There are a few reasons that your dentist may refer you to an endodontist for a root canal. If the decay in your tooth has reached the point where the nerve is inflamed, you will need root canal therapy. If this inflammation progresses to the point where the nerve/pulp becomes necrotic and infected, you would also need a root canal. However, before you even see the dentist, there are warning signs that may indicate that you will need a root canal. Read on for signs and symptoms of a problem in the pulp of your tooth that will require root canal therapy, also known as endodontic treatment.
Signs You May Need a Root Canal
Some dental problems may have similar symptoms. For example, a mild toothache may be a sign that you need a cavity filled. It can also be a symptom of more severe decay or infection in a tooth. Likewise, gum swelling may be a sign that you need a root canal, but it also may be a sign of gum disease. If you experience any swelling, pain, new onset of tooth sensitivity, or any other unusual aches in your mouth, schedule a dental exam as soon as possible.
Other symptoms that can indicate the need for root canal therapy include the following.
Sharp, lingering pain is a telltale sign of an inflamed pulp/nerve. Our teeth have some natural sensitivity to cold, but lingering and throbbing pain anytime you have a sip of cold water can be a sign of inflammation of your pulp. If this throbbing pain occurs spontaneously without any stimulus, that is another sign of severe inflammation of your nerve indicating root canal therapy. Pressure or swelling on your face may also be a sign of an infection in a tooth that will require endodontic treatment.
Bumps on Your Gums
A new bump that develops on your gum is likely a sign of an infected tooth. Regular cavities won’t cause bumps on your gum. These bumps can sometimes be completely painless but indicate that an infection has developed at the ends of your roots and has started to drain through your gum tissue.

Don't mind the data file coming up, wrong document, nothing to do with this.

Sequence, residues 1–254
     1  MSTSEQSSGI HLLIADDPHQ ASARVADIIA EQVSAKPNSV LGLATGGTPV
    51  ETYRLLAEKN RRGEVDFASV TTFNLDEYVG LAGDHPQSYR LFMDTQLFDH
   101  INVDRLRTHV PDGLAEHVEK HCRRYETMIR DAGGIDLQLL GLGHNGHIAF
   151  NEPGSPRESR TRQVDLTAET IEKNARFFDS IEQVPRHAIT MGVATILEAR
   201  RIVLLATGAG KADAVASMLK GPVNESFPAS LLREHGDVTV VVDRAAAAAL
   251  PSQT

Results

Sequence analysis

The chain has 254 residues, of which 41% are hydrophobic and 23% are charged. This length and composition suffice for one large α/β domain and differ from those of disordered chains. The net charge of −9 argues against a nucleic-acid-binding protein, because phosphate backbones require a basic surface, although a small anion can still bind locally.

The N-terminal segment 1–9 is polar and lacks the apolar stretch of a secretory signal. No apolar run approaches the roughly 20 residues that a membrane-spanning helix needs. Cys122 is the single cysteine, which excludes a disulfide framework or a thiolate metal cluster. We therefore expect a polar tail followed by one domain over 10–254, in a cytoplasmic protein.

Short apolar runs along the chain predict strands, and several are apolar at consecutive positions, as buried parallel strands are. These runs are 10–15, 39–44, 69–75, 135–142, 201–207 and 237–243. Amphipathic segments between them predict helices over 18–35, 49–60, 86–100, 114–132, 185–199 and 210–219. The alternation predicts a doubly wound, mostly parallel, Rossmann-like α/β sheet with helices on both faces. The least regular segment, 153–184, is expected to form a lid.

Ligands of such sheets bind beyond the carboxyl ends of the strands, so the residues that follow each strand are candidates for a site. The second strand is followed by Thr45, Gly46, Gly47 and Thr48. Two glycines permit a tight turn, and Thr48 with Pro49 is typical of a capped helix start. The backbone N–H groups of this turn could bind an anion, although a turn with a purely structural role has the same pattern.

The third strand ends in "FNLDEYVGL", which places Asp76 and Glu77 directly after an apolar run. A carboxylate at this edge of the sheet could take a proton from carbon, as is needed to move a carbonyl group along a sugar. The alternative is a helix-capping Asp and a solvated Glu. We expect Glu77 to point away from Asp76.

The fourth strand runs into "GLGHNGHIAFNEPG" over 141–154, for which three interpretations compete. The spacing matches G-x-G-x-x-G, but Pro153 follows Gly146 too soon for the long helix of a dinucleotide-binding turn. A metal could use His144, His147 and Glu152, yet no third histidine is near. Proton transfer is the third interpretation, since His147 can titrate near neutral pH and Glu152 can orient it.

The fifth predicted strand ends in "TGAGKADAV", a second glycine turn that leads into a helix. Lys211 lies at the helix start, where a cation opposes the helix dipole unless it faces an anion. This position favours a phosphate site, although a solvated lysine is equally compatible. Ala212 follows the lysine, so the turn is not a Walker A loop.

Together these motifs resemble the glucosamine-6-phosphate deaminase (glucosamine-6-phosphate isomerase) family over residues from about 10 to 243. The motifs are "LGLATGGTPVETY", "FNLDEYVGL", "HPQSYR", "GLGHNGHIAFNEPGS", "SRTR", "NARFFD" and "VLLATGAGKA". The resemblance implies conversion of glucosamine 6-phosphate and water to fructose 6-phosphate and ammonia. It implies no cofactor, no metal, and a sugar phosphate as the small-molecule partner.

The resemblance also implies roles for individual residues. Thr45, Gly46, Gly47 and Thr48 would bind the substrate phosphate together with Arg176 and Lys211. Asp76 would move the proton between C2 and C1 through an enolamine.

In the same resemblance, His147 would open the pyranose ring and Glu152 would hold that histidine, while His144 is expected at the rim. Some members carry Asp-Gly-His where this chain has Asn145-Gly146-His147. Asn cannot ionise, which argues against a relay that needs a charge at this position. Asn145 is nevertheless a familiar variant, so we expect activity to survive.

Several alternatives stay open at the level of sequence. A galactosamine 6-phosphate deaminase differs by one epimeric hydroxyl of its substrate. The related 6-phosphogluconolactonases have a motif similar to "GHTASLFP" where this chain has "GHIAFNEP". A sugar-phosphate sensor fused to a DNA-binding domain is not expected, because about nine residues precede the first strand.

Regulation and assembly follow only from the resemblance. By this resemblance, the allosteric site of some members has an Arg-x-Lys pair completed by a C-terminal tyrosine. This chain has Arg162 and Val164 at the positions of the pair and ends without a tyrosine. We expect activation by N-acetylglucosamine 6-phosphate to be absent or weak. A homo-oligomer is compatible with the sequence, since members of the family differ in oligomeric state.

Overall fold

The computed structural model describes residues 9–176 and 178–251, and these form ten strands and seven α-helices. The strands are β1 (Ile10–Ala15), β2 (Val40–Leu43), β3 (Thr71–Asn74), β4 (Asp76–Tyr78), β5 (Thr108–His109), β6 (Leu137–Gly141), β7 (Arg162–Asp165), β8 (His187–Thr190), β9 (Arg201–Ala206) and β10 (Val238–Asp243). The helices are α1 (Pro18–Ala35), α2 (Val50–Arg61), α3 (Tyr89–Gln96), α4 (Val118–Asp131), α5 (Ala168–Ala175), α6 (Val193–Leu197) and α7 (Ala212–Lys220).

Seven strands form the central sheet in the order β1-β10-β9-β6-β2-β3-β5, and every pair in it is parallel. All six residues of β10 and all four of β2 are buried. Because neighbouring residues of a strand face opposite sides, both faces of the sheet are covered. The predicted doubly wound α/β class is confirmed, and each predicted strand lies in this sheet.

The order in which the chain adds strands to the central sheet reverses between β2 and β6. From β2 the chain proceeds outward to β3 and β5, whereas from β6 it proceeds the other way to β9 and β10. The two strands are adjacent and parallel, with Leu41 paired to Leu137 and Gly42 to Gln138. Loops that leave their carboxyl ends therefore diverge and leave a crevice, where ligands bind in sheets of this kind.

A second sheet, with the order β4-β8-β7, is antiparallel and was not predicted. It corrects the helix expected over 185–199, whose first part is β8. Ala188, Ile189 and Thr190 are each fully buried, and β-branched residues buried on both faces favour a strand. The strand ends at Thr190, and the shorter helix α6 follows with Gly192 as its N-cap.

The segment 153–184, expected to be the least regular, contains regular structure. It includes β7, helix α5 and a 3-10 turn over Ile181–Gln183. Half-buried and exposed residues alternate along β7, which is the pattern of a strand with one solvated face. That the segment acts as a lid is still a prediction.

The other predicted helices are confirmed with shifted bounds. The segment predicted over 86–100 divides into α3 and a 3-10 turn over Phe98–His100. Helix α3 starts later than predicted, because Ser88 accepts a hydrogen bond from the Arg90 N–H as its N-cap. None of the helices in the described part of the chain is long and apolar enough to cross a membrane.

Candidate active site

If you have a visible crack on a tooth associated with severe pain, it can sometimes need a root canal to save the tooth. A crack in the tooth often leads to inflammation or infection in the tooth, which can be treated with a root canal and a crown. After completion of the endodontic treatment, a crown with your general dentist is crucial in order to prevent further propagation of the crack.
If you notice that a tooth has suddenly begun to turn gray or black, this can be a sign that the nerve in the tooth is no longer functional. This will sometimes require a root canal in order to save the tooth and potentially internal bleaching to address the discoloration.
What Happens During a Root Canal?
If you have been referred to an endodontist for root canal therapy, don’t panic. Today, thanks to technology and advanced surgical techniques, getting a root canal is virtually painless. The area of your mouth surrounding the infected tooth will be completely numbed, so you shouldn’t feel a thing.
Your endodontist will then use something called a rubber dam which isolates the tooth and prevents saliva from entering the pulp space. The doctor will use a microscope to see your tooth and canal space at high magnification. Your endodontist will then make a small opening in the top of your tooth to access the nerve. The infected or inflamed pulp will be removed and the canals will be thoroughly cleaned and disinfected. The interior of the tooth is then sealed with a putty-like inert filling material to seal the canals and prevent leakage. You will be given a temporary filling but it is important to return to your general dentist for a permanent filling and crown as soon as possible.
Root Canal Therapy in Pleasant Hill
If you have been referred for a root canal in the Bay Area communities of Pleasant Hill, Walnut Creek, Lafayette, Danville, Concord, and surrounding areas, contactTittle Endodontics at 925-676-3388. You may also request an appointment online.